Mr Skeffington (1944)
Once again it’s been a while since I saw a Bette Davis film, needing to break that by watching Mr Skeffington (1944) which gave Davis her 8th Best Actress nomination, which saw her again not being afraid to act with heaps of make-up on her face, that transformed her into Fanny Trellis Skeffington a New York socialite who thrives off male attention that’s generated by her natural beauty, a beauty that consumes her life, making her a shallow woman who doesn’t really look beyond her front door.
With the arrival of her brother Trippy Trellis’s (Richard Waring) boss Job Skeffington (Claude Rains) who comes with bad financial news. It’s bad timing really as the Trellis brother and sister have been hiding the fact they have been broke to all, and with ease. His bad news puts the airy-fairy woman into action, to do something, just as the stock-markets crash at the beginning of the great depression. This is just one of a number of events that are covered in this film that goes from the depression to the build-up to WWII, and Fanny lives blissfully unaware as the world changes around her.
It’s not long until Fanny and Job are soon married, a very unlikely looking couple, and all the love is going in one direction, from Job to Fanny who continues to see her potential suitors and admirers. For Job he waits patiently in admiration and a growing love for the most desired woman in New York. The suitors come and go as he remains constant, something she is not fully aware of for most of the film.
It’s with the arrival of a baby on the way that Job is cut out of the 9months that transform Fanny into a pregnant woman of solitude, moving away into hiding, not wanting everyone to see her pregnant. She will have the baby but not show off that fact she is to those who lover her, as if she is ashamed of what her body does to her image. Her image is her most important aspect of her life. The arrival of the child comes just before the outbreak of war for America, having already seen her brother go off to fight, having no other reason to be at home, feeling humiliated by his sister marrying a rich man who solved all their problems. A fact that is hard for Job to swallow, yet carries on through his daughter and being a captain in the U.S. army.
Its a melancholic film that for me draws comparisons between Fanny and Scarlett O’Hara who als lived in her own world, yet she longed for one man. Both are however unaware of the love that their husbands have for them whilst they exists for others. For Fanny its the attention of men that are drawn to her good looks. Whilst O’Hara longs for another man. They both wake up to their different realities they receive massive shocks that force them to grow up and face their problems. For Fanny a bout of diptheria that causes her body to catch up with her in middle age, she ages far faster than nature would have intended. This is her wake-up call to understand what is important in life. So many things that she has seen pass her by. Her husbands love which was lost to a string of flings to keep him alive in a loveless marriage. The lost connection and life that her daughter Fanny Jr. (Marjorie Riordan) who under her eyes takes her last suitor. A connection made via youth, attraction, something she her mother missed out on.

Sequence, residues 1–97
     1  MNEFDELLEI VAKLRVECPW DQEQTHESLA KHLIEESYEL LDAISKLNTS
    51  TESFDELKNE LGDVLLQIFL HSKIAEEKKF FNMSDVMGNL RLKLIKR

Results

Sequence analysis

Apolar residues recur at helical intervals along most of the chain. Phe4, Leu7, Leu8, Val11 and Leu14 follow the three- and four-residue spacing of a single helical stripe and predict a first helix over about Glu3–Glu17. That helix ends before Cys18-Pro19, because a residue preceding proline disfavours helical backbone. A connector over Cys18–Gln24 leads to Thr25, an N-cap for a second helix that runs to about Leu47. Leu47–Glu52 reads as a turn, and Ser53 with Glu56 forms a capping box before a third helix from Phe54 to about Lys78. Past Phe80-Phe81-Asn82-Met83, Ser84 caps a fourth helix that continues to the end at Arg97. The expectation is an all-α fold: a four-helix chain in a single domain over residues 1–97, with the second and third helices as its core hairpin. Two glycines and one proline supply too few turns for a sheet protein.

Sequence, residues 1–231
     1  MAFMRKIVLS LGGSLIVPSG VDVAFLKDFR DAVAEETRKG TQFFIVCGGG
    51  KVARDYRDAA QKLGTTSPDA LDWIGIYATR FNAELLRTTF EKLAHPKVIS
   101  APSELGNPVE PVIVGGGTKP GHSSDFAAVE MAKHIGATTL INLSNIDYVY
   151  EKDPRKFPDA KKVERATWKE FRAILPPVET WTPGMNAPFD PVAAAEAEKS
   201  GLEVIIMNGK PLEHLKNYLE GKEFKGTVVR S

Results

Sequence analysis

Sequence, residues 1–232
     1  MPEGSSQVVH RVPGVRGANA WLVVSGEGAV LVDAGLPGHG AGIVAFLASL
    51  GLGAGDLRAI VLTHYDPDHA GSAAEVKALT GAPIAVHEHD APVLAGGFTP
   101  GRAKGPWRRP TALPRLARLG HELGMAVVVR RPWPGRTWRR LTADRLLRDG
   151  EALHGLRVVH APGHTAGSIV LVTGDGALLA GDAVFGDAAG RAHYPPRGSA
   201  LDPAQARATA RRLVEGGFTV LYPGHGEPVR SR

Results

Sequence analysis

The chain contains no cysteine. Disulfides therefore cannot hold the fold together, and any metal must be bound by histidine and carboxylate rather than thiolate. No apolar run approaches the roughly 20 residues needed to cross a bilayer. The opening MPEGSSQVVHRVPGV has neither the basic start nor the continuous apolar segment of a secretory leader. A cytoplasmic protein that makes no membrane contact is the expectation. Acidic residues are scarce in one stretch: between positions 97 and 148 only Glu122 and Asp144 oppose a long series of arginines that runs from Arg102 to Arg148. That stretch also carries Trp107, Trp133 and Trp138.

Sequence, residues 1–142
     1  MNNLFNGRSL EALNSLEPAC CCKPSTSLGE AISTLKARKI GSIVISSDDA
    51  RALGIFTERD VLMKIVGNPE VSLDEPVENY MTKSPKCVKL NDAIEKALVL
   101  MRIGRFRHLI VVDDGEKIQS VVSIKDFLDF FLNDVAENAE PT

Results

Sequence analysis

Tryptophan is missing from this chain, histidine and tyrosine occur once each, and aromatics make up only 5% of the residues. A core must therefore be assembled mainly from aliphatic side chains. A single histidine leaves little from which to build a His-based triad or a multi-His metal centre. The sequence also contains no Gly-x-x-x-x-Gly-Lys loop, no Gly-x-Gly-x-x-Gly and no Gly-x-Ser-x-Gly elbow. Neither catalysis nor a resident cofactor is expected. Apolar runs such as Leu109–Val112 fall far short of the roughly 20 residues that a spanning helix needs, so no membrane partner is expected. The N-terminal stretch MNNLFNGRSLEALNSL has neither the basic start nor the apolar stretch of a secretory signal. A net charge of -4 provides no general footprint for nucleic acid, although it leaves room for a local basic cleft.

A touching film that shows us what is important in life, that beauty fades, whilst love still remains, as Job told his wife, “A woman’s beautiful only when she is loved.” an inner beauty that doesn’t rely on nature of the science of make-up to create something that can fade over time. A powerful illusion that can consume an individual. Today this is just a prevalent with all the anti-wrinkle/ageing creams that are sold with the illusion that they can turn back or prevent the effects of ageing. It’s a sad situation that needs films like this classic that does go to the extremes with the help of Davis’s imersive performance that makes it so relevant today. The power of illusion is great, love is far stronger if you just let it happen.
- Angela Lansbury Talks Bucks County Playhouse, Bette Davis & Beyond (broadwayworld.com)
- For Fifty Grand, Scarlett O’Hara’s Breakfast Gown Can Be All Yours (jezebel.com)
- Gone With The Wind (thebookstoryblog.wordpress.com)
- My love affair with Scarlett O’Hara (telegraph.co.uk)
- Vivien Leigh, lavishly illustrated in a new biography (latimes.com)